Suresh Raina: Awesome in India blues, enigmatic in whites

Selflessness. Professionalism. Excellence. Three words that could so easily be used when the misfit in India's Test side dons the blue one-day kit.

Updated: September 06, 2012 13:38 IST
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In The Spin, the Guardian's excellent cricket blog, Rob Smyth analysed the curious case of Matt Prior, a cornerstone of English success in the Test arena who can't get a game in coloured clothes. Back in 2007, when India won the Trent Bridge Test and consequently the series after much ado about jellybeans, Prior was seen as something of a prat. His glove-work was ordinary and the batting a letdown after the pyrotechnics of his debut series against West Indies. The Indians clearly thought that his deeds didn't match his mouth.

Last summer, when they went back to England, Prior made a hundred and two half-centuries. Even in a team where every man summoned up something exceptional, his assurance and class stood out. After 58 Tests, Prior averages 42.61 with the bat. Any iron-gloves jokes were canned years ago.

As Smyth wrote, "His selflessness, professionalism, excuse-aversion and excellence are such that, with Andrew Strauss gone, he is arguably the most impressive man in the England team. And although disciples of Alan Knott's genius would legitimately be appalled at the suggestion, in purely statistical terms there is a strong case for Prior making an all-time England Test XI."

Selflessness. Professionalism. Excellence. Three words that could so easily be used when the misfit in India's Test side dons the blue one-day kit. Suresh Raina has played 17 Tests since his debut two years ago. After adapting to whites as though a natural - it has to be said that he played his first two games against a Sri Lankan side that had just lost its heart and lungs, Muttiah Muralitharan - ensuing Tests have been a real struggle. On the back of a promising half-century in the first innings of the Bangalore Test against New Zealand, Raina chose a tense second-innings run chase to unveil a truly hapless sashay-and-swipe.

Remember, this is someone who handles pressure with aplomb in the one-day arena. India's quarterfinal victory against Australia during the World Cup last year is often remembered for Yuvraj Singh's frenzied celebration mid-pitch. Yet, it's unlikely that Australia's magnificent streak in the matches that mattered would have ended without Raina's sprightly 34-run cameo to buttress Yuvraj's half-century.

With bowlers as quick as Brett Lee, Shaun Tait and Mitchell Johnson in the fray, it was obvious that Raina would find a few short balls coming his way. The third such delivery he got was dispatched through midwicket for four. When Lee tried to pitch it further up, he was smashed over long-on for six. A Johnson bouncer was deflected away to fine leg. The match was as good as over.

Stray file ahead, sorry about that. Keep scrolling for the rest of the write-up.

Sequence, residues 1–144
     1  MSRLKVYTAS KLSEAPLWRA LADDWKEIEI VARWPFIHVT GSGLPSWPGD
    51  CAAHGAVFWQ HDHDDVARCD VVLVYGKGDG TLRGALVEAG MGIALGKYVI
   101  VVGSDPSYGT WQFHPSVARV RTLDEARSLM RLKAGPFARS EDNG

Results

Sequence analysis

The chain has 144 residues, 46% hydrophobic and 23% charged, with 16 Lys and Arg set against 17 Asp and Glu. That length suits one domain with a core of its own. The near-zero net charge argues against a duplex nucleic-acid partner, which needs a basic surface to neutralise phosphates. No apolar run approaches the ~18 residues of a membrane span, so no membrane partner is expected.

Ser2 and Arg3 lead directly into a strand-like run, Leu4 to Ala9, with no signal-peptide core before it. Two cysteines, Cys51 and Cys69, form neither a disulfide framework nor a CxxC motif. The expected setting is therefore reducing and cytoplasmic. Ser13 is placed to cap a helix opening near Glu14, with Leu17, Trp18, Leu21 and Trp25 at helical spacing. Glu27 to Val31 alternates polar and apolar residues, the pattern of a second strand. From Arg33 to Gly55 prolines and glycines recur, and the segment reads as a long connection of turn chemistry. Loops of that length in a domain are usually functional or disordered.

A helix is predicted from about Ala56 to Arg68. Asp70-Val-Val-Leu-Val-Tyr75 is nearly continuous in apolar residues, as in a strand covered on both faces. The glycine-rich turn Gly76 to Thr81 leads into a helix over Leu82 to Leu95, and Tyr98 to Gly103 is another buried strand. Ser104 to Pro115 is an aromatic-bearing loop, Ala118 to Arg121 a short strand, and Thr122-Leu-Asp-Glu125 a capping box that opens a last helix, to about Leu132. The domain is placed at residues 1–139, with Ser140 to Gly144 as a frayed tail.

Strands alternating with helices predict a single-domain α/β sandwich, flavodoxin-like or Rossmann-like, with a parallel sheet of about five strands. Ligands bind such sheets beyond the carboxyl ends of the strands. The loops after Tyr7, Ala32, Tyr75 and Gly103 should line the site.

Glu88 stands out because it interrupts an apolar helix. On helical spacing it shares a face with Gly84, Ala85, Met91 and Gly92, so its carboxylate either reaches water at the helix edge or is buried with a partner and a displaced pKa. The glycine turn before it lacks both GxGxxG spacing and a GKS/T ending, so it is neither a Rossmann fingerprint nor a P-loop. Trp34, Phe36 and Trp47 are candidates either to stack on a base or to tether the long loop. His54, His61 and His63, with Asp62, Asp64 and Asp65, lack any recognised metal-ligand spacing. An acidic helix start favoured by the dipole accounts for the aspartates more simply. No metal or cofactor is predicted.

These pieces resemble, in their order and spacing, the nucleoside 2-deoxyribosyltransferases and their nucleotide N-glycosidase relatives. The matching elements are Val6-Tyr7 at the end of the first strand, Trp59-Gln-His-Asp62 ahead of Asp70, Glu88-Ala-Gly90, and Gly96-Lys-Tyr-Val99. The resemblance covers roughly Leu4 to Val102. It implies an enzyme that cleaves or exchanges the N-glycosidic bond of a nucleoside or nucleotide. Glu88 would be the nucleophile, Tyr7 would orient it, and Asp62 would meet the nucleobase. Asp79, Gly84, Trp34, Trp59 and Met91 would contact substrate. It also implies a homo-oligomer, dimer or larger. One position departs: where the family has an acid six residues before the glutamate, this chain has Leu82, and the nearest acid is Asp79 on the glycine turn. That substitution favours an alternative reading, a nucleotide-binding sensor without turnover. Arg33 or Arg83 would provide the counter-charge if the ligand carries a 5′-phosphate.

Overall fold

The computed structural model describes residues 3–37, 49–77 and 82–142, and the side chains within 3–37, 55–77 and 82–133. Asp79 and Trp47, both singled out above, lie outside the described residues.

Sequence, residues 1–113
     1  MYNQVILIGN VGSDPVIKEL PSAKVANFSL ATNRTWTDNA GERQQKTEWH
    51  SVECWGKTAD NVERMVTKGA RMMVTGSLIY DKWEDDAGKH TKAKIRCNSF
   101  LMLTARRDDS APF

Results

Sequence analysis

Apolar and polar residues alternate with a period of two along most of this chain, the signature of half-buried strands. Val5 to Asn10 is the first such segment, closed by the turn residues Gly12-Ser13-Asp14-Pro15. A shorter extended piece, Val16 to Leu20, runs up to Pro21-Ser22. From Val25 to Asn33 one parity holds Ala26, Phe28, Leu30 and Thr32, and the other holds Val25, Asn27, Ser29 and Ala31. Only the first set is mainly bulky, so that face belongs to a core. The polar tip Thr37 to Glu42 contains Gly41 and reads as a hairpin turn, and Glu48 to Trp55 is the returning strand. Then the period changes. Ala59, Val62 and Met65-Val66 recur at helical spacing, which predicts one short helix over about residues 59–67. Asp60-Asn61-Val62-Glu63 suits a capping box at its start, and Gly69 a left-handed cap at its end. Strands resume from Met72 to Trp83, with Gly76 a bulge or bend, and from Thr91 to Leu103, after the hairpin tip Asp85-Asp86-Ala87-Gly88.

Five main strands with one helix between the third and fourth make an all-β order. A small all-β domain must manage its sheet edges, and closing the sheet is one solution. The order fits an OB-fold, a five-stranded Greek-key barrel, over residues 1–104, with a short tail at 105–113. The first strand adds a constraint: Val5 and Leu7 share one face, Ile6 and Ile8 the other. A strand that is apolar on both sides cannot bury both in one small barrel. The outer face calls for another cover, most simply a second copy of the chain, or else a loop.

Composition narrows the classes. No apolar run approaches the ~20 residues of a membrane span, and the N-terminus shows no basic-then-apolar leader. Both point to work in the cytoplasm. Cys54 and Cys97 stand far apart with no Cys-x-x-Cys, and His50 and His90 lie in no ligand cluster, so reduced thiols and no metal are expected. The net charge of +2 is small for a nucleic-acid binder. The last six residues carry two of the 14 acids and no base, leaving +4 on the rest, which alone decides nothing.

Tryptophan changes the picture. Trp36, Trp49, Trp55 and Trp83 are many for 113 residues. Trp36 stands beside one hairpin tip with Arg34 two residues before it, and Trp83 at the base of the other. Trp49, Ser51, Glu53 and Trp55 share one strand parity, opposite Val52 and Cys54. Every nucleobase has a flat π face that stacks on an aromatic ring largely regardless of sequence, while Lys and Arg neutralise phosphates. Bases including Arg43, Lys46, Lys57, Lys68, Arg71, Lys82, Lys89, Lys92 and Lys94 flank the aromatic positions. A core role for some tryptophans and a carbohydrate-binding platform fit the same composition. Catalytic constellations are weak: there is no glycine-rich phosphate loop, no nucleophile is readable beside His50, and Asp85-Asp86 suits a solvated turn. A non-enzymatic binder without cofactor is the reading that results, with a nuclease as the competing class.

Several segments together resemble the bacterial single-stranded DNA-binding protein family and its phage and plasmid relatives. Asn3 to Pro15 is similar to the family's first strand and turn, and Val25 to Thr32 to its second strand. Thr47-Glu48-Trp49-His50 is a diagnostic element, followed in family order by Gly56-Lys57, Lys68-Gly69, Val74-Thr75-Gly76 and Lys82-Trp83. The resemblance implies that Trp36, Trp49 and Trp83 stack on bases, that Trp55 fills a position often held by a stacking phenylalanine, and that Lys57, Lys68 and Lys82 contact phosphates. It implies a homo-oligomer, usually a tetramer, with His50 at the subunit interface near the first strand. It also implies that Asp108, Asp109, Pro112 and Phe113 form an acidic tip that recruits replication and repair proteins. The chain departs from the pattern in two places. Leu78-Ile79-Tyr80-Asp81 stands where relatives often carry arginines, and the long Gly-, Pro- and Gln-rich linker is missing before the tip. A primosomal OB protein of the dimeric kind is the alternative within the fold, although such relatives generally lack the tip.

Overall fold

The semifinal success over Pakistan also owed much to Raina's cool head in crisis. At 205 for 6, India's innings could have collapsed. Instead, Raina ensured that the tail would help him add a further 55, at better than a run a ball. But for those back-to-back cameos, it's safe to say that there would have been no emotion-soaked night at the Wankhede.

It's hard to pinpoint what happens to Raina in Test cricket. In Bangalore, he played a couple of fantastic strokes against the short ball. At other times, he looked like a stationary target in a coconut-shy stall. At Lord's last summer, he batted with something approaching authority for 78, while the innings crumbled around him. The rest of the time, he looked so out of sorts that some prayed for the bowlers to put him out of his misery.

In one-day cricket, with field placings geared more towards stopping runs, the risks he takes tend to come off. After the early hype - Greg Chappell reckoned that he was India's next great batsman - and failures, Raina's second coming has seen him score at a run a ball in 50-over cricket while averaging 38. Considering that he usually comes in with less than 20 overs to go, it's an outstanding record.

To understand why he fails in whites, we should perhaps listen to a man who was the best finisher of his age. There was little that Michael Bevan couldn't do in the one-day game. As a Test player, he often fell short, averaging 29.07 from 18 Tests. Like Raina, Bevan came into the Test side to replace a legendary leader. Allan Border's shoes proved to be too large.

The biggest favour we can do Raina and Cheteshwar Pujara is to can the comparisons. Every mention of them doesn't need to be qualified with the names of those that they have replaced. Those men are gone. Retired. Finished. History. They're not coming back.

In an interview with The Wisden Cricketer a couple of years back, Bevan spoke of the problems he had against the short ball. "I couldn't work it out at the time because I'd never really had an issue with it in the past but the more it happened, the more of an issue it became," he said. "I don't think I helped myself. I probably put too much focus on trying to play it well and gave it too much priority. I probably lacked a little belief that I could play it, even though a first-class average of 60 would suggest that it shouldn't have been a problem. I think in the end that my problems at Test level were more psychological than anything physical or technical."

For Raina as well, the real issues are not on the 22 yards that separate the two sets of stumps. They're in his head. Few work harder on the physical side of the game. If he doesn't want to end up like Bevan, it's time to focus on belief issues that tend to be a lot harder than bleep tests and catching practice.

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